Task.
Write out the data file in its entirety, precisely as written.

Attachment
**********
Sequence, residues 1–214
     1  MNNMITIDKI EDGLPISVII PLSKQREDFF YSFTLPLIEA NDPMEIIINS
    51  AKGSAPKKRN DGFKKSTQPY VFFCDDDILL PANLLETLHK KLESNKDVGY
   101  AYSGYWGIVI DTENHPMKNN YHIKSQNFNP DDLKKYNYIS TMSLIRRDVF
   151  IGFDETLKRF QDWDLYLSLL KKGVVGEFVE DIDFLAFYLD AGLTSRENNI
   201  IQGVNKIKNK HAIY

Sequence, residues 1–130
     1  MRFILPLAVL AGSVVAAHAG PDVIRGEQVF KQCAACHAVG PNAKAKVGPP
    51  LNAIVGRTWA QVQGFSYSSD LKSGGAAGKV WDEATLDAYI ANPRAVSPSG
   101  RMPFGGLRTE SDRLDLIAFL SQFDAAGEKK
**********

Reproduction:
Sequence, residues 1–214
     1  MNNMITIDKI EDGLPISVII PLSKQREDFF YSFTLPLIEA NDPMEIIINS
    51  AKGSAPKKRN DGFKKSTQPY VFFCDDDILL PANLLETLHK KLESNKDVGY
   101  AYSGYWGIVI DTENHPMKNN YHIKSQNFNP DDLKKYNYIS TMSLIRRDVF
   151  IGFDETLKRF QDWDLYLSLL KKGVVGEFVE DIDFLAFYLD AGLTSRENNI
   201  IQGVNKIKNK HAIY

Sequence, residues 1–130
     1  MRFILPLAVL AGSVVAAHAG PDVIRGEQVF KQCAACHAVG PNAKAKVGPP
    51  LNAIVGRTWA QVQGFSYSSD LKSGGAAGKV WDEATLDAYI ANPRAVSPSG
   101  RMPFGGLRTE SDRLDLIAFL SQFDAAGEKK